Cairo’s Garden City – a tale of decay and perseverance

Cairo, throughout the first half of the 20th century, was one of the world’s capitals of culture – the indisputable primary city in the Arab world, with strong and growing European influences adding a unique character to the Egyptian capital.

Wealthy travellers from across the world flocked to the city, not only for the Pyramids in Giza and the exotic, colourful bazaars in its Old Town, but also for its stylish Haussmann-style Downtown and its glamorous cafe culture.

It was also during this period that Cairo received its Harrods-style department store Omar Effendi and some of Africa’s best hotels like the Heliopolis.

As efforts to Europeanise Cairo at that time intensified, Garden City, a planned neighbourhood with tree-lined avenues and Italian style buildings, was founded. Located next to the famous Tahrir Square, Garden City, whilst still stylish to these days, exudes the air of rustic grandeur – a witness of Cairo’s enduring story of growth, decay and perseverance.

Over the years, some of the neighbourhood’s grand buildings fell into disrepair – many of its original inhabitants of the Greek and European heritage fled the country in the 1950s during President Gamal Abdel Nasser’s reign. The exodus left some of the villas in the area unoccupied. While the attractive address attracted wealthy Egyptians to move in to fill the void, some of the area’s most palatial mansions are still left in various stages of ruins to these days.

I strolled around the area in October 2015, and took some photos that I feel best encapsulate the area best. It is still a beautiful neighbourhood, and an oasis of calm in the middle of the maddening frenzy that Cairo is. It’s impressive how they managed to keep the area’s calm character intact, while the rest of Cairo became engulfed in blocks and blocks of tall apartment buildings and miles and miles of gridlocked streets.

Take a look here:

This slideshow requires JavaScript.

 

Speak soon,
FH

Train stations around the world and why they are special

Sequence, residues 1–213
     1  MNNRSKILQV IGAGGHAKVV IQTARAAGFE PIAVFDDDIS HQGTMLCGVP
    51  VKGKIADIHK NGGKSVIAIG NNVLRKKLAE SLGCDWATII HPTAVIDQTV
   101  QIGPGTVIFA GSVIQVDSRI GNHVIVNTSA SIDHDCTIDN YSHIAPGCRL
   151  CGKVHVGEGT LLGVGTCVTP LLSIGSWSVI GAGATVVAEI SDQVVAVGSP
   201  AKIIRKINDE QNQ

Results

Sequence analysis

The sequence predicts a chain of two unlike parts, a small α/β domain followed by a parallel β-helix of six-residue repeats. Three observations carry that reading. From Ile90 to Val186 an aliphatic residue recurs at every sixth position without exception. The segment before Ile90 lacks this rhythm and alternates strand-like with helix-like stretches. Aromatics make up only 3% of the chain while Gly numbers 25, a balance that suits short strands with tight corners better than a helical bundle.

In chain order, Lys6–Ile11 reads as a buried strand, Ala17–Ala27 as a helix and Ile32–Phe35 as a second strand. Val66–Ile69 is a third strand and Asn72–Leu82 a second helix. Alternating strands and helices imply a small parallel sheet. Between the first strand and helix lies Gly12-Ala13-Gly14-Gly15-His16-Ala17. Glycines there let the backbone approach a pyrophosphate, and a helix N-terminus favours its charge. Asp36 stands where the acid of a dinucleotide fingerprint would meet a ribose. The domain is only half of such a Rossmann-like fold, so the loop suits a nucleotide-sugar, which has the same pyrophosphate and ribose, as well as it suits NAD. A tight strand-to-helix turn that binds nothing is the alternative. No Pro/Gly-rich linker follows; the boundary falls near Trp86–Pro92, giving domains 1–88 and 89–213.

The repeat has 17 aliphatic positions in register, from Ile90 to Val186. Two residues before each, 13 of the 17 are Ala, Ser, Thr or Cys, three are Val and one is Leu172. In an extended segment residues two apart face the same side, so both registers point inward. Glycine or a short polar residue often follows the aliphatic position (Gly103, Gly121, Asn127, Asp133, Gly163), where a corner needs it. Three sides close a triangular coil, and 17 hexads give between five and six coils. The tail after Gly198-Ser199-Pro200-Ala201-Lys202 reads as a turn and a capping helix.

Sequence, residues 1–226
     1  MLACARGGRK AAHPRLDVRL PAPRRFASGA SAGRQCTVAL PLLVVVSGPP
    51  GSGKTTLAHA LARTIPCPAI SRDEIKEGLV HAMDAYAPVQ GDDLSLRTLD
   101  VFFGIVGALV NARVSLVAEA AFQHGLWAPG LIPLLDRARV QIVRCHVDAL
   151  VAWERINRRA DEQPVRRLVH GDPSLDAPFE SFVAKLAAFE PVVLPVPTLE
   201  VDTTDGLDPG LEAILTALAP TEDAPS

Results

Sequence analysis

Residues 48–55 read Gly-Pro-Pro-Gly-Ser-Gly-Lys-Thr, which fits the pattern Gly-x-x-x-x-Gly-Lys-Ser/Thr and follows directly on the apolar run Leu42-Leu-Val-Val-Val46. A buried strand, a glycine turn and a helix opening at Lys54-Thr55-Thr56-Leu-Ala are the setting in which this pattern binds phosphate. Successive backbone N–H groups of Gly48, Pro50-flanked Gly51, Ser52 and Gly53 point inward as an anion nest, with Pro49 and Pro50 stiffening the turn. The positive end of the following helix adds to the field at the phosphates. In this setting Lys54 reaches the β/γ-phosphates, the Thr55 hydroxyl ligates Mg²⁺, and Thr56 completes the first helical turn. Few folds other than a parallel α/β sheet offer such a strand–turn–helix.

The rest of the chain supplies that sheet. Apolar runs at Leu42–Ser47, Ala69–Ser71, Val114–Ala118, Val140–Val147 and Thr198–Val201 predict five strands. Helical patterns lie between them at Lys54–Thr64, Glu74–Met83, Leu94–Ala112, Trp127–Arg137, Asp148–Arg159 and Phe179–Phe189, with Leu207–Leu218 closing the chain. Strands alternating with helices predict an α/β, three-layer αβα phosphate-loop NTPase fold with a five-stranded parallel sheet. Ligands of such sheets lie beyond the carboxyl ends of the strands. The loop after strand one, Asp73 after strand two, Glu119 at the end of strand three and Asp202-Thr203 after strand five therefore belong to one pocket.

It is where millions of Hellos are exchanged, plenty of Goodbyes are said, and countless promises are made.

Train stations are where palpable emotions are experienced. It represents farewells as much as it greets you Welcome.

It’s also the pulsing heart of the city it serves – always practical as much as it is evocative.

I took my first train ride when I was 18 – I grew up in Sarawak, and there is (still) no train servicing the state. I first came to KL as a child with my family for a holiday, but then again, we always cabbed around town.

My first train ride felt like a rite of passage; I was a young adult, and I remember how exciting it was for me to be on the LRT, zipping across the city over the buzzing streets of KL. It felt surreal, and I was sold, instantly – the fascination remains to this day.

Over the years I’ve had the pleasure of taking train trips in different place, from the pleasant journey from Warsaw to Krakow on the new high-speed railway to the slow ride on the chugging train connecting Melbourne with Sydney (well, partially, anyway, since I had to finish the trip on the bus), intercity train ride is still something that I look forward to.

As much as the ride fascinates me, so do the stations. Train stations are great places to observe people and learn more about the cities you’re in. It’s where you go to if you want to feel the real pulse of the city.

Also, some of these stations are absolutely gorgeous too!

Took these pictures during my travels, and I thought I’d share them here. Enjoy!